The landscape around internet service delivery is changing rapidly, something that has resulted in ISPs like ZOL exploring the possibilities of extending services into the provision of entertainment services (IPTV) and VoIP calling, something that has been offered by other IAPs for a while now.
The exciting new terrain is obviously IPTV, something that ZOL Zimbabwe hasn’t officially launched but has been working on delivering, thanks to the opportunity of fibre presented by parent company Liquid Telecoms.
The pay TV market is very aggressive and has drawn a lot of African players. With ISPs jumping in through IPTV it can get only more competitive. Internet TV is generally expected to be the one service that will disrupt the monopoly on entertainment that Multichoice currently possesses through its DStv brand.
Presented with a model that allows you to select what you want to watch as opposed to the bouquet option, it obviously has a greater pull for subscribers who get to determine what exactly they want to watch and pay for.
With the power of fibre connectivity extending to more efficient delivery of content, Multichoice is reportedly keen on exploring the cable route by pushing its content through providers that have the infrastructure. So perhaps the owners of the platform like ZOL/Liquid have an upper hand.
How does ZOL view their future role as deliverers of content? What is their opinion on the competition they will be up against in guys like Multichoice? How are internet services going to be made available to more people? These are some of the issues in this podcast.
Please feel free to share your comments and views on the issue discussed in this podcast. How do you think Internet will disrupt the provision of TV services in Africa?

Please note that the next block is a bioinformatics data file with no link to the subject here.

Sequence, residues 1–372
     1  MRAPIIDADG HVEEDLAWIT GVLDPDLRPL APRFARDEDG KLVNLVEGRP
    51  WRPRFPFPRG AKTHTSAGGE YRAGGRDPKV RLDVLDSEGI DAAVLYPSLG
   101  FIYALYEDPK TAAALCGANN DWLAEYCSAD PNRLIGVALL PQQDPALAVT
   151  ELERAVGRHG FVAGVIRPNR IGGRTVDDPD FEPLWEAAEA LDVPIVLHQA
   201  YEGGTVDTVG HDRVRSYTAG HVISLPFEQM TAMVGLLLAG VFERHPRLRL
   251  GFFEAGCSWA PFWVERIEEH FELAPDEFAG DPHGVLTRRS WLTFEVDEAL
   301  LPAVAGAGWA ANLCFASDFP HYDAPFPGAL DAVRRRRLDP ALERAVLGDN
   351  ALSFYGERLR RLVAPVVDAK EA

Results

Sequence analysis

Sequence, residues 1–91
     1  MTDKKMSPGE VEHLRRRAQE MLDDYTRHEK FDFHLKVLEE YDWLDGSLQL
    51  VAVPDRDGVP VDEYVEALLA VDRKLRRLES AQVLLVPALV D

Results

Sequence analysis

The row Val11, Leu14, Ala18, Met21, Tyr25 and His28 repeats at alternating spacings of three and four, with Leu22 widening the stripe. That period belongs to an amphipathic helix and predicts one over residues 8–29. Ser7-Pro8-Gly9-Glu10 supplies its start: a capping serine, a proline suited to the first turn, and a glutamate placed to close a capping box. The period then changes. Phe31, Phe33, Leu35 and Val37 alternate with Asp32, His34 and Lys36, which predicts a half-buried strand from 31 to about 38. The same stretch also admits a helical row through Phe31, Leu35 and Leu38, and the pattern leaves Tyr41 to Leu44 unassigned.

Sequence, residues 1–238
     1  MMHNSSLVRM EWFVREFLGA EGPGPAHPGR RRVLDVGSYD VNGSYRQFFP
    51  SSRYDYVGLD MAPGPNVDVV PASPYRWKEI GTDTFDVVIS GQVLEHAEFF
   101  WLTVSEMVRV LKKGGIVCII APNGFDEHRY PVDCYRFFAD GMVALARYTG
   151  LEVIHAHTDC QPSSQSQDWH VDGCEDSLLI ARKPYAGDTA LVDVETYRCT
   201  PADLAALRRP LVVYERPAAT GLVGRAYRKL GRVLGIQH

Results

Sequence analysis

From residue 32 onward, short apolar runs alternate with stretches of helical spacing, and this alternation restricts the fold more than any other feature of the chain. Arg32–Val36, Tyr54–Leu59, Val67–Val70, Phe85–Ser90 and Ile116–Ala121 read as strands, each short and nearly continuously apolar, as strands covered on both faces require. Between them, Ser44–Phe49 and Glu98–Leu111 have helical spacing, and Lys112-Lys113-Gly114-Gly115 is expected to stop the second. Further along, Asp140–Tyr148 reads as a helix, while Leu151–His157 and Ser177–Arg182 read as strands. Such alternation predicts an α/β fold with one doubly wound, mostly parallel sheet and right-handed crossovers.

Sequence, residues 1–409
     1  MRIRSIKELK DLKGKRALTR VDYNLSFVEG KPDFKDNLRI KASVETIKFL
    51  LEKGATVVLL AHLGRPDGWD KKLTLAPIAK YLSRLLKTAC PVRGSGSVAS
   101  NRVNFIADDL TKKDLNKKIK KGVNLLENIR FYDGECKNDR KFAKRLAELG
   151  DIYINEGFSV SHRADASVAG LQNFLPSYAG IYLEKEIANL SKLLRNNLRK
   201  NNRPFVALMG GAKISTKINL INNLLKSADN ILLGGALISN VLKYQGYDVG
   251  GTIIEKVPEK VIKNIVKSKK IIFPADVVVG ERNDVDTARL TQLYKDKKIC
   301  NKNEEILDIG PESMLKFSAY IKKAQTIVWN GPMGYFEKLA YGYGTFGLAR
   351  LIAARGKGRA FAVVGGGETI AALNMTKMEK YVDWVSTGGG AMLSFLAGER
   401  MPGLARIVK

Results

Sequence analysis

Update: We have just received this update from the the CEO of ZOL, Denny Marandure on the publication of this article:
I refer to the article that appeared in Techzim today that was not sanctioned by David or myself.
Our position when asked about IPTV offering has always been to be upfront about the procedures and process involved in the launching of such a service. I would like to clarify a few things,
1) We acknowledge that we need government of Zimbabwe approval to launch a service such as IPTV. At present we do not have such approval so we cannot talk about the existence of such a service until such approval has been requested, application submitted and approval granted.
2). When and if such approval is granted, we do not intend to be a competitor to Multichoice or provide Live TV as can be inferred from the published article. We are going to be providing complimentary service to DSTV, through our Video on Demand product such as Netflix provides in the USA. There will be no Live TV offering with our service.
It’s only logical that we must leverage our parent company’s robust fiber network, Liquid Telecom to meet our customers’ needs but we are very cognizant of the fact that all this must be done in respect and compliance with our government rules and regulations.
At ZOL Zimbabwe we are passionate about what the future holds as the connected world opens up new markets, billions of new customers, and an explosion of innovation that will fuel our economic growth and spread prosperity around the globe for decades to come. We are in a golden age of innovation. With great innovations and opportunities on the horizon, we should continue to focus on the needs of the consumer and encourage policies that will ensure the continued growth and innovation of this remarkable internet ecosystem we have all helped to create.
We regret any inferences made in this article.